Hila’s work is part of Panorama Monopoli, a four-day festival by the Italian art consortium Italics (a national network of commercial and private galleries), presenting 60 artists across 20 exhibition venues and curated by Vincenzo de Bellis – this is its second edition, hosted in a different Italian town each year. Collecting works from the fifteenth century through to the contemporary (often making a somewhat laboured point of contrasting the former with the latter), this edition’s curatorial theme is based on the Greek concept of xenia, that of hospitality to the foreigner, a ritualised friendship based on reciprocity. And Monopoli, a small coastal town stationed some 40 kilometres down the Apulian coast from Bari, has a turbulent history of its own, having changed hands between Byzantine, Norman, Venetian and Spanish rule. Its sea walls, built to counter Ottoman pirates and now wearied by the elements, still stand tall around the town.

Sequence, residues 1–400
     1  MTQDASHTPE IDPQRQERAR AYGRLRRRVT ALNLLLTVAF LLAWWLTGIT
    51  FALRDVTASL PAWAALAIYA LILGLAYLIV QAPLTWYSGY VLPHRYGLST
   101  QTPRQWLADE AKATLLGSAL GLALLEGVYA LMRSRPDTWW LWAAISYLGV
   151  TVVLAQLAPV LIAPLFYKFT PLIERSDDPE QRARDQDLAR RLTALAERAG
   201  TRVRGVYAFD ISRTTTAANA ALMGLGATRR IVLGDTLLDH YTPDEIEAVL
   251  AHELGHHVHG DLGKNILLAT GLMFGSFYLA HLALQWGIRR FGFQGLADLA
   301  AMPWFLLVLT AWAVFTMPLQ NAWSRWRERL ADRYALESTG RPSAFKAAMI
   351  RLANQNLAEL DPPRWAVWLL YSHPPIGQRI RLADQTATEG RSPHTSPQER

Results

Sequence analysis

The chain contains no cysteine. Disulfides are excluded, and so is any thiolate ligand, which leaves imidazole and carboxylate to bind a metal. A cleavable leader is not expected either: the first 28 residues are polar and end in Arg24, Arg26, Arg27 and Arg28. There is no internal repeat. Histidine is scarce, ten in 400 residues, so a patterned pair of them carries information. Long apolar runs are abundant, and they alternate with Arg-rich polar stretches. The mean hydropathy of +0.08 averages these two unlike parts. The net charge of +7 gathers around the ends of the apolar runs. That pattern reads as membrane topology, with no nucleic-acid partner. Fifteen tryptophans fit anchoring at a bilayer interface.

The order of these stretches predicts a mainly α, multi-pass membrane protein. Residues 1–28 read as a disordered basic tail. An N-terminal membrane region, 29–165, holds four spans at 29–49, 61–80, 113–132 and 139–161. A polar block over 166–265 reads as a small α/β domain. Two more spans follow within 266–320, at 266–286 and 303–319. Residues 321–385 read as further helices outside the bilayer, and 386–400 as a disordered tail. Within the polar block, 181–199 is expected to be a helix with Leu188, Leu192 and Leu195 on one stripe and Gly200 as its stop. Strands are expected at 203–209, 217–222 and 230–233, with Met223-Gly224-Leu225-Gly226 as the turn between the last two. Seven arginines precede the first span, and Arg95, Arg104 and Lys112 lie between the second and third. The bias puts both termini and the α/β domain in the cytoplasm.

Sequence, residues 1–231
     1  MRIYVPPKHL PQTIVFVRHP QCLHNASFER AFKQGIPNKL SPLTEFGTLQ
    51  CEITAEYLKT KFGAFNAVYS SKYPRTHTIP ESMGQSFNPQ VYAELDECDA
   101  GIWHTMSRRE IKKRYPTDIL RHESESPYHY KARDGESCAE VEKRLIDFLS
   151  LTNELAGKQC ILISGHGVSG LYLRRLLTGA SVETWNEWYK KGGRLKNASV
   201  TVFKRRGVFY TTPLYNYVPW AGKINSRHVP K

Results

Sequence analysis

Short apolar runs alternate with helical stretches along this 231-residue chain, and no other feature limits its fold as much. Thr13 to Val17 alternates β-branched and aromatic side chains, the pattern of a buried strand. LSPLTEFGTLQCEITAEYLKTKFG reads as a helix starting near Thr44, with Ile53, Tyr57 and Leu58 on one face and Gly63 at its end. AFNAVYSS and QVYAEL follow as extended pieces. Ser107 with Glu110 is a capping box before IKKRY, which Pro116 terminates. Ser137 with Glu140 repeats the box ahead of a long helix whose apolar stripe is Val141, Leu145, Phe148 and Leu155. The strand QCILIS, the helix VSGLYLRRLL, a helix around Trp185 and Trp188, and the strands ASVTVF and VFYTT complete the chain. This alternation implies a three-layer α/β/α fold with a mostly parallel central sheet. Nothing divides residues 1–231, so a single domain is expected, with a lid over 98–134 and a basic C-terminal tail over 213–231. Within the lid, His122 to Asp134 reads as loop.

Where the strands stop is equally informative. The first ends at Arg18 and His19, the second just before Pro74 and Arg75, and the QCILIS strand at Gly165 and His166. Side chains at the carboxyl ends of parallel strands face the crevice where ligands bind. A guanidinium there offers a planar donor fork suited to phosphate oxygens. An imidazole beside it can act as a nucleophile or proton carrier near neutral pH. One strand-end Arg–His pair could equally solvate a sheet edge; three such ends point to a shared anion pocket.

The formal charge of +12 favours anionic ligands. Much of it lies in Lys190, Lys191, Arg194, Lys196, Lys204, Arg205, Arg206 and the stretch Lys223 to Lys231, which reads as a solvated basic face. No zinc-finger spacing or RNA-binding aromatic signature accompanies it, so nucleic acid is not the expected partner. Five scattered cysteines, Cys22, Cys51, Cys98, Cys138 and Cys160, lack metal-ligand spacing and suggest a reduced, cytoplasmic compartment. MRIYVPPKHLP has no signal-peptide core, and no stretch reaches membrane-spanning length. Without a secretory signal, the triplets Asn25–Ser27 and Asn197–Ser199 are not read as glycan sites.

None of which is necessarily unique for a port town, but when an art festival backed by municipal and private money descends, filling the town with its works and international attendees, how can the history and the contemporary exist in harmony? It is no surprise that Panorama’s best works speak to this weight of history as an ever-present sensation, or a dislocating force. At Complesso San Leonardo, a former monastery and school refurbished then reopened for Panorama, Swedish/Brazilian artist Runo Lagomarsino’s film Europa Point (2019) depicts a 1970s postcard of the Strait of Gibraltar against a black backdrop. Smoke begins to cloud the shot as the card burns seemingly from behind. The edges begin to curl, blacken, then burst into a few seconds of brilliant flame as the heat meets the chemical ink. When the flame dies, we are left with the embers and a discoloured, ashen card: its parts slowly break apart like continental drift in time-lapse. As a far outpost of Europe facing Africa, sitting at the gate between the Mediterranean and the North Atlantic, the Strait in this work is synecdochical for political and geographic boarders imbued with tragedy. But Lagomarsino declines the ease of straight melancholy: in the almost entirely ashen card, the letters of ‘Europa’ can be made out. He leaves room for renewal.